Fearing the future? Future-oriented thought produces aversion to risky investments, trust, and immorality
Three experiments tested the behavioral effects of prospection on risk tolerance, trust, and moral judgment. While previous research shows that people generally hold positive beliefs about their futures, our analysis demonstrates that actively thinking about one's future engenders conservative behaviors to avoid potential losses or harm. In Experiment 1, writing about one's future self, compared to one's present self, caused people to favor low-risk, low-payoff investments rather than high-risk, high-payoff ones. In Experiment 2, restating sentences about the future (as opposed to the present) reduced behavioral trust. Participants shared less money with various partners in a potentially lucrative investment game. That same manipulation of prospection in Experiment 3 increased blame for misdeeds - while having no effect on praise for virtuous action. These finding suggest that, although people often hold optimistic beliefs about the future, prospection may lead people to behave cautiously as if wary about what could go wrong.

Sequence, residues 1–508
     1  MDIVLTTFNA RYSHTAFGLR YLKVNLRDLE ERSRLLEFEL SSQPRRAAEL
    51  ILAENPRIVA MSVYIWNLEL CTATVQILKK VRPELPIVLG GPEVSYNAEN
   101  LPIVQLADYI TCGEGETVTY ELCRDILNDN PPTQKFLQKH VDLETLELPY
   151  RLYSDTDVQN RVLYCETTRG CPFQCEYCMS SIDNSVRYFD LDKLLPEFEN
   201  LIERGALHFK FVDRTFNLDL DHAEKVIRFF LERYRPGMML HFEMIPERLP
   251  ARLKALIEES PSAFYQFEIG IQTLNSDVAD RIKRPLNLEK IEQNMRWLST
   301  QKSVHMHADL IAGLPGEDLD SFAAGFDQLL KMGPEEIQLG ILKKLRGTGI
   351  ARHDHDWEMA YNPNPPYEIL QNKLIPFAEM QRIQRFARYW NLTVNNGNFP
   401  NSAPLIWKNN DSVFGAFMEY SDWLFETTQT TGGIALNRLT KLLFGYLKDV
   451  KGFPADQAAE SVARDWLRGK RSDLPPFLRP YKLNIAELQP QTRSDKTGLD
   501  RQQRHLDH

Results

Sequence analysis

Digital Object Identifier (DOI)
Monroe, Ainsworth, S. E., Vohs, K. D., & Baumeister, R. F. (2017). Fearing the Future? Future-Oriented Thought Produces Aversion to Risky Investments, Trust, and Immorality. Social Cognition, 35(1), 66–78. https://doi.org/10.1521/soco.2017.35.1.66